Parliament committee convenes to look at police assault on naked protester

Ahram Online , Sunday 3 Feb 2013

Shura Council members probe a recent assault by security forces at the presidential palace that has sparked outrage across the country, though the victim's account contradicts video evidence

The Shura Council's National Security Committee convened Sunday to address a recent violent assault by security officers on a protestor outside the presidential palace in Heliopolis, Cairo.

On Friday, video footage was broadcast on Al-Hayat satellite television showing a protester, Hamada Saber, dragged naked and repeatedly beaten by security forces.

At the Shura Council, interior ministry official Abdel Fattah Othman denied that police officers were "responsible for stripping him off" as widely reported.

"The interior ministry respects and protects peaceful demonstrations. But in recent days protests have gone far from being peaceful as some violent groups seek to assault governmental institutions and other buildings and hotels," Othman said during the meeting.

No similar incidents were reported during the January 25-26 protests, except in some already troubled Suez Canal cities, Othman said, citing this as evidence that security officers have exercised "the utmost self-restraint."

The violent incident screened on several sattelite channels, which has sent shockwaves across the country, was later denied by Saber who claimed he was actually assaulted by protesters and that security forces came to his rescue.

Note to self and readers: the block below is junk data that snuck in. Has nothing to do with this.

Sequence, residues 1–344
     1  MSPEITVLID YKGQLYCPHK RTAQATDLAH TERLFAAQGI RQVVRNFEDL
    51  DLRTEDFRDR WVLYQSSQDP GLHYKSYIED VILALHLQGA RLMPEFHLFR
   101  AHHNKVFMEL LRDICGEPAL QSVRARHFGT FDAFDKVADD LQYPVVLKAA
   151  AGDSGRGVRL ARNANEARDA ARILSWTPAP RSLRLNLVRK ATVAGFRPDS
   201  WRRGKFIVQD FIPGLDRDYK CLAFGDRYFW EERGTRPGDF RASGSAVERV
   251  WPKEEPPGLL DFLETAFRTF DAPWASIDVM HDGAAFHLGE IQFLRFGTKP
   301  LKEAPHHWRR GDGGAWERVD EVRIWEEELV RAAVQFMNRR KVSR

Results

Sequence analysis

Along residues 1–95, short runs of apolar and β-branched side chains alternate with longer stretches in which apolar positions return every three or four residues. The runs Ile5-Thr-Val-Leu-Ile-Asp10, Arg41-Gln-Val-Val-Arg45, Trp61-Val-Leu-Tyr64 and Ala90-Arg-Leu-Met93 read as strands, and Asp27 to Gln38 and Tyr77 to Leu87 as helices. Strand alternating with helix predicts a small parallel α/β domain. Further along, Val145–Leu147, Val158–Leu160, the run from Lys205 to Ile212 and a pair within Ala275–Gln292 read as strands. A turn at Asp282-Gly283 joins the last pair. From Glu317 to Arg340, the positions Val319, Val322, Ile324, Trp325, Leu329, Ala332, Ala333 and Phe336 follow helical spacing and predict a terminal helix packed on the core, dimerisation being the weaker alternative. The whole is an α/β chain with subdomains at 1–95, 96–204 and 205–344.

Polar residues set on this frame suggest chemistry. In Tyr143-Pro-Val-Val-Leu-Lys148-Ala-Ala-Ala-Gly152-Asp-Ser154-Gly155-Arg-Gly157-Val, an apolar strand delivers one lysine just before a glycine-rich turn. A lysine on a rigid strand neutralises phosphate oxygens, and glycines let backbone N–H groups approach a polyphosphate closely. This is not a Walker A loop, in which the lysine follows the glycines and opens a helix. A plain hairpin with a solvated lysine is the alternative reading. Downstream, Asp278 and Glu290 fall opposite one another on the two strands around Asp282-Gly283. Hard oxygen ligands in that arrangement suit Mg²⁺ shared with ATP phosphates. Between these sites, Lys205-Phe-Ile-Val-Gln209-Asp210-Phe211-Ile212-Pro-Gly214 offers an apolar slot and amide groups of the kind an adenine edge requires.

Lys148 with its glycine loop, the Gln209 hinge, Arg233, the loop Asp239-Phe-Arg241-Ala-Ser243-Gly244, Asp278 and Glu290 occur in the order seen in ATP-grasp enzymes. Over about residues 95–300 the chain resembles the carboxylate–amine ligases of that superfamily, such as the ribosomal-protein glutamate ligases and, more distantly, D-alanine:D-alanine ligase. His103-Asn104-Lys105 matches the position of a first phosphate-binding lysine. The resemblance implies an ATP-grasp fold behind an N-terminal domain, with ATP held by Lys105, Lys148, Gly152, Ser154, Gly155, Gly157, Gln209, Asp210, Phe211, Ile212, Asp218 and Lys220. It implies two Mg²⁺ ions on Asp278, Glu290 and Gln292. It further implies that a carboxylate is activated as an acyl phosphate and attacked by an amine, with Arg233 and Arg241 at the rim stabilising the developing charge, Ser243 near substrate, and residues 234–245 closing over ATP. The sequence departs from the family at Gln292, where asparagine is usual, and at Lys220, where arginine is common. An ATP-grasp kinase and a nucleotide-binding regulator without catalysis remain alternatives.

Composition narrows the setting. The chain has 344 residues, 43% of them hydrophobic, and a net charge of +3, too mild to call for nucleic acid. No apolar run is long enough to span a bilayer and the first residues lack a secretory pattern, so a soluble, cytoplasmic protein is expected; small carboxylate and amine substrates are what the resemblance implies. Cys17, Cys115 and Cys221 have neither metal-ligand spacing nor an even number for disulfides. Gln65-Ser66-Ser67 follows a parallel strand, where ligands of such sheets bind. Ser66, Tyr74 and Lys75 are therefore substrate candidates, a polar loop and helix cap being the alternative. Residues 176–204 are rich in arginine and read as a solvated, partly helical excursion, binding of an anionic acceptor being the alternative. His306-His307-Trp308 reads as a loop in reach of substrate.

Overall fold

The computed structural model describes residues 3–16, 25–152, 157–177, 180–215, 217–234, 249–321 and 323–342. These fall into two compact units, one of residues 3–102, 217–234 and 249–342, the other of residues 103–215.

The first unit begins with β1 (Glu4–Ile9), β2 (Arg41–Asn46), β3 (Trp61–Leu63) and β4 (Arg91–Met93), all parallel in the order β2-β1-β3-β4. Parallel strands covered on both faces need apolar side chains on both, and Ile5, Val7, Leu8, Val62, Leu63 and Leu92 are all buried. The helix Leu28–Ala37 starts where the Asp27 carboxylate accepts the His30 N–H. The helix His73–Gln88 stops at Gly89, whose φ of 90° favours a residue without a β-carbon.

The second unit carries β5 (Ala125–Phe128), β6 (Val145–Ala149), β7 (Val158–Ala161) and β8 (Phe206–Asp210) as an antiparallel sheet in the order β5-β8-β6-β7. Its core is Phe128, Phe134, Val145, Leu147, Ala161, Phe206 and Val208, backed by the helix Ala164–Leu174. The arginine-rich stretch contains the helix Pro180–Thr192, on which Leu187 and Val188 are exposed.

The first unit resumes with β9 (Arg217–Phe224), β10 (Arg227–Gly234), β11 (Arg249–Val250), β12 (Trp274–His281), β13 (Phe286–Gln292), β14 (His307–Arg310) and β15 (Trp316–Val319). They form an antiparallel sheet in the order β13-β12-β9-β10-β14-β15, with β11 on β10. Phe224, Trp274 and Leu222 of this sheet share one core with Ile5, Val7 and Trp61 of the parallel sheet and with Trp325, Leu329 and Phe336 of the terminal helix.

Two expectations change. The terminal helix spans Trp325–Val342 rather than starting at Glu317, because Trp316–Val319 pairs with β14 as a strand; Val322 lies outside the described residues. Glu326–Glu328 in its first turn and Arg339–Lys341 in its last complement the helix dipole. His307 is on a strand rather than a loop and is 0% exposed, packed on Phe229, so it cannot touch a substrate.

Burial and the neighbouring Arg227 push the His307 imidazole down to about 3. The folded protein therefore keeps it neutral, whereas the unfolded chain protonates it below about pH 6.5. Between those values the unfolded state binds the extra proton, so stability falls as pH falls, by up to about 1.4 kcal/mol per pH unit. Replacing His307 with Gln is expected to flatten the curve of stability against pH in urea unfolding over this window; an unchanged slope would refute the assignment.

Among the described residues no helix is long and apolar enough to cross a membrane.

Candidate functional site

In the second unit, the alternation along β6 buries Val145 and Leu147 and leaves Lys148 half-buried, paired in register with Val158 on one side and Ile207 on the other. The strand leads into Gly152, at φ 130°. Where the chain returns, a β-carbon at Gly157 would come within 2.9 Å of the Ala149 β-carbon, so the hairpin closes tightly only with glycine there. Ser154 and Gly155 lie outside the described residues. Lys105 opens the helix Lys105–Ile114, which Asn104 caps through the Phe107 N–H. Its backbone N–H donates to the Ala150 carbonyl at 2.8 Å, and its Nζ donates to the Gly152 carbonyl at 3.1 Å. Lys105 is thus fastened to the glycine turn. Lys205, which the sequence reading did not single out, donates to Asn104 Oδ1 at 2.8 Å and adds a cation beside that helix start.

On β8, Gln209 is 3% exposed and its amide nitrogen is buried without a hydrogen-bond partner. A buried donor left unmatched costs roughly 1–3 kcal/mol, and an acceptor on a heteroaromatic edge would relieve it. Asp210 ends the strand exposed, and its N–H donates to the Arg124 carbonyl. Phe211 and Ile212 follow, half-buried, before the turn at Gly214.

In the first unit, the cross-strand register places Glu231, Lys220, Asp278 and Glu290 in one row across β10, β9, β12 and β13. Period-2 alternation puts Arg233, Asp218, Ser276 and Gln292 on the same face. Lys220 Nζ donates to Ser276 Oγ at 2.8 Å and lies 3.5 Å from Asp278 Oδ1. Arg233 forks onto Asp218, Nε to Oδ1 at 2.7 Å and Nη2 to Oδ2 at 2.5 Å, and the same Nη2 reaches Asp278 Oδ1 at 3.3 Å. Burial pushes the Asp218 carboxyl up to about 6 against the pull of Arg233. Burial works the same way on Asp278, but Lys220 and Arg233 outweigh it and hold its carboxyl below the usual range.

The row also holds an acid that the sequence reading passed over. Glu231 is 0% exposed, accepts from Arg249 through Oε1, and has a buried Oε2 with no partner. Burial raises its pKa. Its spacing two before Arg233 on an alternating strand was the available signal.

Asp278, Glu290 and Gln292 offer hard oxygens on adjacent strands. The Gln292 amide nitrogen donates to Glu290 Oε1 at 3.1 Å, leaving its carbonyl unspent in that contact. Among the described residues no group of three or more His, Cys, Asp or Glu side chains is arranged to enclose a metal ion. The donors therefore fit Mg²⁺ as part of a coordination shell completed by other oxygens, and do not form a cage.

Meanwhile, the Heliopolis prosecution has ordered a re-investigation with Saber after his family claimed he is being threatened and pressured by the police to change his account.

In several phone-ins on satellite TV channels, Saber's family members asserted that he was assaulted and dragged by the security forces as he was running from teargas, claiming he was begging them to stop.

A delegation from the Freedoms Committee of the Lawyers' Syndicate is expected to go to Saber in a police hospital, where he is being treated, to listen to his account and examine his claims that he was assaulted by protestors, not police officers as captured on video.

The interior ministry apologised for the incident Friday, saying it was an "individual act" and does not represent standard police practice.

As many activists held President Morsi politically responsible for the assault on Saber because of his publicly stated and unconditional support for police actions against protesters, the presidency also issued a statement condemning the assault.

"The presidency was pained by the shocking footage of policemen dragging a protester in a way that does not preserve dignity and human rights," a statement released Saturday said.

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